• Setting up a media monitoring process: I want to stay hooked in the the world of information around me, and identify possible opportunities as they arise. Emerging patterns in blogs, conferences, and publications will help me track these changes.
    • In addition to major LIS journals, I will be scanning:General media in Newsweek; Management trends in the Harvard Business Review; Tech-trends in Wired; Business and economics in Forbes; and critical discussion in The New Yorker.
  • Cultivating a professional network: I intend to build a relationship with my peers and professional colleagues of mutual respect and trust. I see the benefits of collaboration, and want to be a positive and enthusiastic part of that environment. I also will use my advanatges of student rates to join as many professional bodies as I can for my studies, and establish a foothold in organisations that have meaning for me (e.g ALIA, QWC)
  • Developing resilience: If I’m going to make this work, I need to get comfortable with the fact that setbacks may detour or distract me, but not wilt in the face of the challenges awaiting me. I intend to commit my energy to owning my mistakes, being willing to fail, and celebrating my accomplishments when and if they happen.
  • Committing to continuous learning: With my time remaining in the graduate program I intend to use my assignments and lectures to explore my options and prioritise what is critical, innovative, and reinventing the profession. Once I am done, I intend to remain flexible and positive about change and update my skills through short-courses, programs, and professional accredations where necessary.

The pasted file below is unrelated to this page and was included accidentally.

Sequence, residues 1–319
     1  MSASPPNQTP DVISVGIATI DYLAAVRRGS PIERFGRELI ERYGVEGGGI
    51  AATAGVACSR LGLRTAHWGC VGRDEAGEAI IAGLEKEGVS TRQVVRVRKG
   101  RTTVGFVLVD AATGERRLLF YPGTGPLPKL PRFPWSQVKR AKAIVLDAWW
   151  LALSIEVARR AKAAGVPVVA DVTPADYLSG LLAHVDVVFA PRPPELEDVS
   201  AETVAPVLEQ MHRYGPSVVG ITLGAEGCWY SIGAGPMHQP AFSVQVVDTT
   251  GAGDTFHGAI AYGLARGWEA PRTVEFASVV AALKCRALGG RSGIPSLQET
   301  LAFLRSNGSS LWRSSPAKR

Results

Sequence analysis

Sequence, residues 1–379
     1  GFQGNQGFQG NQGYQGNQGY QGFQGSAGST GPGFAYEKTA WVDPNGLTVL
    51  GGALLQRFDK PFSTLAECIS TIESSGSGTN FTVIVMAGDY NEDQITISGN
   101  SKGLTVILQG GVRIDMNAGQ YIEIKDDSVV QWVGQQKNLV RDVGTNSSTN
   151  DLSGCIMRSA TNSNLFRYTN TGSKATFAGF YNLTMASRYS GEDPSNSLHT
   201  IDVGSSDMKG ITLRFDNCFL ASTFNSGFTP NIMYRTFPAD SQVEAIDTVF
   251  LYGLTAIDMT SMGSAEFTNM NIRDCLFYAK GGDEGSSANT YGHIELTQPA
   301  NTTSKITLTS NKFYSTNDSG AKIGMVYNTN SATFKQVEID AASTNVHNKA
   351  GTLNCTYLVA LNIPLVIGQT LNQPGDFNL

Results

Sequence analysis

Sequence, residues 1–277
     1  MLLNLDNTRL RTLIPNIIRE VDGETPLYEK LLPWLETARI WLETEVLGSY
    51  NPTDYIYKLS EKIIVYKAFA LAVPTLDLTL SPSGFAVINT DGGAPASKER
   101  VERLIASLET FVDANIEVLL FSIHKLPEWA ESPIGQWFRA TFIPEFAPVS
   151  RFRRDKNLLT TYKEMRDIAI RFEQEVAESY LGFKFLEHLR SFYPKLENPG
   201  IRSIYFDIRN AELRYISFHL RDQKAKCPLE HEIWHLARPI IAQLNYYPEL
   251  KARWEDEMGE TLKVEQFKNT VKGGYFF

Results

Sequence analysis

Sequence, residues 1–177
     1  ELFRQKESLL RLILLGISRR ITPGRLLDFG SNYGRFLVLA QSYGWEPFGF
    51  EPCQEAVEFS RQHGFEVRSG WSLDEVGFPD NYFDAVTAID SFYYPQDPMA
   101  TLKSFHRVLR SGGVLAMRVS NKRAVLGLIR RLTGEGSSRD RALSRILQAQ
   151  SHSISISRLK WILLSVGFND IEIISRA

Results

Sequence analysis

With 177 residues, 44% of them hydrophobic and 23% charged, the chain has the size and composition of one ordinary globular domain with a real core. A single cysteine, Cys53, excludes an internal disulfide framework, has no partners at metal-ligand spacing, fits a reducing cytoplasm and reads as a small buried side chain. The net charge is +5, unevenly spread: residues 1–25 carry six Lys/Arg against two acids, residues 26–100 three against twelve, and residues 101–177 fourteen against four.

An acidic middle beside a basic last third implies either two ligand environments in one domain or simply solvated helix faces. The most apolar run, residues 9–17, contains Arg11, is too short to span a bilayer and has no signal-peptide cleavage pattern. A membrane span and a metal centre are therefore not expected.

• Gaining visibility: I want to build my expertise openly. This blog serves to further that goal, but I also strive to: ·
    • o   Publish a scholarly article on folksonomies, social data, and tagging in an accredited journal.
    • o   Attend conferences and professional events and make myself known through questions, conversation, and projects.
    • o   Publish in the YA fiction space to support and advocate young-male literacy.
    • o   Investigate the prospect of furthering my academic career with research or higher-learning.

Who knows where I’ll be in 2 years, let alone 5. There are so many traditional and nontraditional paths my career could take that I’ll undoubtedly need to re frame these goals along the way. But, what an adventure that will be!